Plans are in the works to expand COVID-19 vaccination efforts for Phase 1a participants -- at risk health care workers and first responders -- before expanding to Phase 1b (which includes essential workers and all residents older than 75) on Jan. 18.
Nearly 1,000 frontline healthcare workers and first responders have been vaccinated at a central location in the Rappahannock-Rapidan Health District, according to Dr. Wade Kartchner, health director of the RRHD. He said, “We plan to evolve (soon) to a larger site with pop-up events in other counties and/or Saturday availability. We continue to recruit staff and volunteers, and look forward to the time when vaccine is distributed to medical providers and pharmacies as well.”
So far in the commonwealth, 177,945 vaccine doses have been administered; 12,747 people have received their second dose and are fully vaccinated. The state has received a total of 510,800 doses. That means a little less than 35% of the vaccine received has been administered.
In addition to at-risk health care workers and first responders, residents and staffers of long-term care facilities are included in Phase 1a as well. CVS and Walgreens are handling the vaccination effort in long-term care centers.
Beverley Greene, director of Brookside Rehab and Nursing Center in Warrenton, said that CVS provided vaccines to residents and staff on Friday. Brookside was one of the long-term care centers that reported an outbreak of COVID-19 cases. Ninety-five cases and 16 deaths were recorded in that outbreak, which is still classified as “outbreak pending closure.”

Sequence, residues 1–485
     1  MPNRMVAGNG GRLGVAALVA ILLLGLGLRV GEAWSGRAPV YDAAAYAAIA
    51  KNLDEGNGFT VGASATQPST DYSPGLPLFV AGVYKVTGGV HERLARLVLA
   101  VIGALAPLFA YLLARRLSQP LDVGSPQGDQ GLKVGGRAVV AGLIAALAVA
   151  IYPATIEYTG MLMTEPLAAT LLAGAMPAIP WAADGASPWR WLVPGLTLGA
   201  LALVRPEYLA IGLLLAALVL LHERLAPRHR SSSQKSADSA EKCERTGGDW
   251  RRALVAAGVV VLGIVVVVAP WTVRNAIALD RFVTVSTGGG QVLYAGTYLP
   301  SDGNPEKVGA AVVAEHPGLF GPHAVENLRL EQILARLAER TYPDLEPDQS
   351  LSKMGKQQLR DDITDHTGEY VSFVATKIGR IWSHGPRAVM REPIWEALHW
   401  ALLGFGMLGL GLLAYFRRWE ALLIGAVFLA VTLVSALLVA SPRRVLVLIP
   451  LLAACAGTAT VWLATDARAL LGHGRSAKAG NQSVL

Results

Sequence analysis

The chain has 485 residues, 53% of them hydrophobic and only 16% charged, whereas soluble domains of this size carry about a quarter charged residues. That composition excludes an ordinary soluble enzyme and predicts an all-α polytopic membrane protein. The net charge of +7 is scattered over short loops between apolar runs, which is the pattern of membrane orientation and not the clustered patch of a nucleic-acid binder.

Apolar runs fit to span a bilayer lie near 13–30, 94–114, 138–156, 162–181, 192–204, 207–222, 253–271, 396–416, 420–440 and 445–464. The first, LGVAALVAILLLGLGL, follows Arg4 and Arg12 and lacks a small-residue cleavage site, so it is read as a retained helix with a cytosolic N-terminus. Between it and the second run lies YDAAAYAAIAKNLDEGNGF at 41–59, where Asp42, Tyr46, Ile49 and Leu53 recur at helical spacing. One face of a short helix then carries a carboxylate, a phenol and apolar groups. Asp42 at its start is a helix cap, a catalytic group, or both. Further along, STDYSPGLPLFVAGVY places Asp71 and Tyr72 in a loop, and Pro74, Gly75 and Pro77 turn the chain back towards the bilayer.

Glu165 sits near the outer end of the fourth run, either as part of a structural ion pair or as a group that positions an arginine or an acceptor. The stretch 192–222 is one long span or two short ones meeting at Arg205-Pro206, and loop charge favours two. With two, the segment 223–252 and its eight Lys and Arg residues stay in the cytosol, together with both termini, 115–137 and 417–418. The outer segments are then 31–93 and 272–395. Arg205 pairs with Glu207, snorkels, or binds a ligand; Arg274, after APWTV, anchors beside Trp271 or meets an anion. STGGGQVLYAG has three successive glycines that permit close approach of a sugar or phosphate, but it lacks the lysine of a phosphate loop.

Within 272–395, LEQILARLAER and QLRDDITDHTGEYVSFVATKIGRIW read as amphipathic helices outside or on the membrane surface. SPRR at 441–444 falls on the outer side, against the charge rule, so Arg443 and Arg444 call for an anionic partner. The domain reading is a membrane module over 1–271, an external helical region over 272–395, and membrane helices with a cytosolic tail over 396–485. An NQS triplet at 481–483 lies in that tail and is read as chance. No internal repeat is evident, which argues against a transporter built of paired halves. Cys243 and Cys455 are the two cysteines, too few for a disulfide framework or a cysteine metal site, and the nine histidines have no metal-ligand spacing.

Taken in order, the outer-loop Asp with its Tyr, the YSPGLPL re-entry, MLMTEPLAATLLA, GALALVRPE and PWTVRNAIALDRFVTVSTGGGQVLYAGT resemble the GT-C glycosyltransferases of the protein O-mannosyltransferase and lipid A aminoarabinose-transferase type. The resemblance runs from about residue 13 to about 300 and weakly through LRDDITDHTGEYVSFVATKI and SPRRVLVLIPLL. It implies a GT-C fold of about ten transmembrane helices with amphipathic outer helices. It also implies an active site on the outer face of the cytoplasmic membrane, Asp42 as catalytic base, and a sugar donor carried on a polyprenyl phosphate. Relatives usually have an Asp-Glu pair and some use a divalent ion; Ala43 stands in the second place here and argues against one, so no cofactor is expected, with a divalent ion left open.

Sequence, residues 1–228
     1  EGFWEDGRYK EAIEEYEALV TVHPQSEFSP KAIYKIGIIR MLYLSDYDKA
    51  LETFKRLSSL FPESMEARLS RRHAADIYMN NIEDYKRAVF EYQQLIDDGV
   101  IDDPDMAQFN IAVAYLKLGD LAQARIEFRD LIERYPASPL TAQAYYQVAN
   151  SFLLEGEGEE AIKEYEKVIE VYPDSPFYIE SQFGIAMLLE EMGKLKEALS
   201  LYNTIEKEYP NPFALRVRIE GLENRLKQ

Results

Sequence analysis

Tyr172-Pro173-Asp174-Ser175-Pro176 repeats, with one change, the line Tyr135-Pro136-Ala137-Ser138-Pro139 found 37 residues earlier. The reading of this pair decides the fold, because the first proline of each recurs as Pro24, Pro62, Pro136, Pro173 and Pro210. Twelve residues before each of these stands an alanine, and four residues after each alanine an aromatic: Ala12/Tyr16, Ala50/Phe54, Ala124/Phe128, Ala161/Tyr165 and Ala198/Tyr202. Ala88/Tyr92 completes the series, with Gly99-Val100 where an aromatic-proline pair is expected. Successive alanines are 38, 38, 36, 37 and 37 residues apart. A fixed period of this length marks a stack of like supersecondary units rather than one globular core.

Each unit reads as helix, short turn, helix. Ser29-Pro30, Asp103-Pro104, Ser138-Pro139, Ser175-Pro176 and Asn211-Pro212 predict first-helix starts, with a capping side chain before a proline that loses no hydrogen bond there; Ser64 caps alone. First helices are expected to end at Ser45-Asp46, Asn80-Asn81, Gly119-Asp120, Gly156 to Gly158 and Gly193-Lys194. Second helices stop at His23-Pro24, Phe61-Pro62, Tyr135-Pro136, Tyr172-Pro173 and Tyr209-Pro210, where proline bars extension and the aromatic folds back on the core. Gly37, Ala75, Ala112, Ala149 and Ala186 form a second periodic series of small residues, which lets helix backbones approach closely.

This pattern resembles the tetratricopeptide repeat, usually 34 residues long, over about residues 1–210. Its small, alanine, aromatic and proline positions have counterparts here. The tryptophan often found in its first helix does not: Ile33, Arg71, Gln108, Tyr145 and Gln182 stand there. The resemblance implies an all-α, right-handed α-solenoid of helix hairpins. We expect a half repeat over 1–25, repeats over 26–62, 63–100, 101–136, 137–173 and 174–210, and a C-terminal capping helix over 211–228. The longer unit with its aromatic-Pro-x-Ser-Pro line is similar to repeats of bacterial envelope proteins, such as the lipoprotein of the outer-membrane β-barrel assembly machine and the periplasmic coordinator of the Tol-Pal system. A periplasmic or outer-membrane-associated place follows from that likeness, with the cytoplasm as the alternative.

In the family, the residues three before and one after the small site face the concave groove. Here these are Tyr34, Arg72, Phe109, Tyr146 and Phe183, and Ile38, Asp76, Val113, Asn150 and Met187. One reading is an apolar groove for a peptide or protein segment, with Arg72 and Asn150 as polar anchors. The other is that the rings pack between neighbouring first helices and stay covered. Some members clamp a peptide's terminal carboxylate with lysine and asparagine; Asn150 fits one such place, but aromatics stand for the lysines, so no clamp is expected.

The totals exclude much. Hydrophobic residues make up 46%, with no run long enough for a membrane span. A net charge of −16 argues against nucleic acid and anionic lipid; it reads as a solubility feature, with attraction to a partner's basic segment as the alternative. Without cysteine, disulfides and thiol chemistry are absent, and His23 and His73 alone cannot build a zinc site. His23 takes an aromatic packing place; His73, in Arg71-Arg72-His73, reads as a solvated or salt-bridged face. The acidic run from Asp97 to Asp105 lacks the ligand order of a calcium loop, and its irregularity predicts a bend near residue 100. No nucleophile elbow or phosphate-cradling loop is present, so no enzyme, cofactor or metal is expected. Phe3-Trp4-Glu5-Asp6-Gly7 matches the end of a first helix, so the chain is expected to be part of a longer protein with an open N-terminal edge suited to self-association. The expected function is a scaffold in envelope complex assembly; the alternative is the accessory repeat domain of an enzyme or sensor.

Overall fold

The Fauquier Health Rehabilitation & Nursing Center on Hospital Hill in Warrenton held its first vaccination clinic Jan. 8, hosted by CVS. Eighty-five vaccinations were provided to residents and staff members. Additional clinics will be held over the coming weeks to continue providing new vaccinations and also to provide the second round of vaccine dosages to those who received the first dosage, according to Fauquier Health spokeswoman Sarah Cubbage.
The Villa at Suffield Meadows employees are receiving vaccinations at Fauquier Hospital, in order of the prioritization guidance from VDH. Ninety-six residents and staffers have been vaccinated so far. The upcoming vaccination clinic for Villa residents will be hosted by Walgreens toward the end of the month, Cubbage said. "They are expecting a very high rate of residents who will receive the vaccine."
A company spokeswoman said that CVS Pharmacy teams will make three visits to each long-term care facility to give residents and staff their initial shot and booster. The majority of residents and staff will be fully vaccinated three to four weeks after the first visit, depending on which vaccine they receive. CVS Health expects to complete its long-term care facility vaccination effort in approximately 12 weeks, said the press release.
Walgreens began vaccinations on Dec. 21, but is not releasing local data.
According to an explanation from the VDH, most residents older than 75 will be offered the vaccine through their health care provider. Others in this category will be able to access vaccination through their local health department or through arrangements with health care systems and pharmacies.
The Department of Corrections, local and regional jails, local and regional jails, and their occupational health programs will vaccinate staff and persons living in correctional facilities, who are also part of the 1b group. Those living in homeless shelters and migrant labor camps will receive the vaccine through their local health department or through arrangements with healthcare systems and pharmacies.
Some health districts will push to vaccinate Phase 1b this week